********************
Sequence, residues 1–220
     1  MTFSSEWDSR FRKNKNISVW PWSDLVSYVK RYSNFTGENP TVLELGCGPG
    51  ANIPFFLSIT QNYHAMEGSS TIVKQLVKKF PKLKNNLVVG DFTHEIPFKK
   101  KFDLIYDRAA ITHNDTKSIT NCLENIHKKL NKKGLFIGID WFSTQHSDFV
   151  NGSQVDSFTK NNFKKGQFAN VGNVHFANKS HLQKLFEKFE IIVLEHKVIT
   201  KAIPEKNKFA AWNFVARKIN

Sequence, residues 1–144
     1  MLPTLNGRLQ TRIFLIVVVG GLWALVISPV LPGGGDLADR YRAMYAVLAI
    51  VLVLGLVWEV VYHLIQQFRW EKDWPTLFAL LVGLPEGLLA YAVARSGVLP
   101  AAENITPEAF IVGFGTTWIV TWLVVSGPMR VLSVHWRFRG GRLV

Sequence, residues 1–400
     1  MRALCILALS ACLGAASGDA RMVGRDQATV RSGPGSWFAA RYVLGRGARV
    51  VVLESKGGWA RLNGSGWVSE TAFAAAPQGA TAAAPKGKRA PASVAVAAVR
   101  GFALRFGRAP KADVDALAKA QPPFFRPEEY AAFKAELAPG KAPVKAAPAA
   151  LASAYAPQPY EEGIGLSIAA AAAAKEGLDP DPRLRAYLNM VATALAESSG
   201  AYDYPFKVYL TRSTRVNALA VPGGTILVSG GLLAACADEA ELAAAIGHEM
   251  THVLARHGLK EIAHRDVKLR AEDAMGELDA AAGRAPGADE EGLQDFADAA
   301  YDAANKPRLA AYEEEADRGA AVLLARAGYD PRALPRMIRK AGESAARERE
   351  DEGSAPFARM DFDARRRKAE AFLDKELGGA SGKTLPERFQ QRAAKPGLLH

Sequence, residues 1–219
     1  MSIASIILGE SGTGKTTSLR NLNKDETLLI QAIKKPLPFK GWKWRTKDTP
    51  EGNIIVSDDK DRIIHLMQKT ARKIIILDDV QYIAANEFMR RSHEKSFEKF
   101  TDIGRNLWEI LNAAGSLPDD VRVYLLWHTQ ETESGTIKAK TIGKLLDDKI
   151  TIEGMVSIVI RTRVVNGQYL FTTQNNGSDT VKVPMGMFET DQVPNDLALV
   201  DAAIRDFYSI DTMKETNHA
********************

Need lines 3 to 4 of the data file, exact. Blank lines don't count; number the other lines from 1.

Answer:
    51  ANIPFFLSIT QNYHAMEGSS TIVKQLVKKF PKLKNNLVVG DFTHEIPFKK
   101  KFDLIYDRAA ITHNDTKSIT NCLENIHKKL NKKGLFIGID WFSTQHSDFV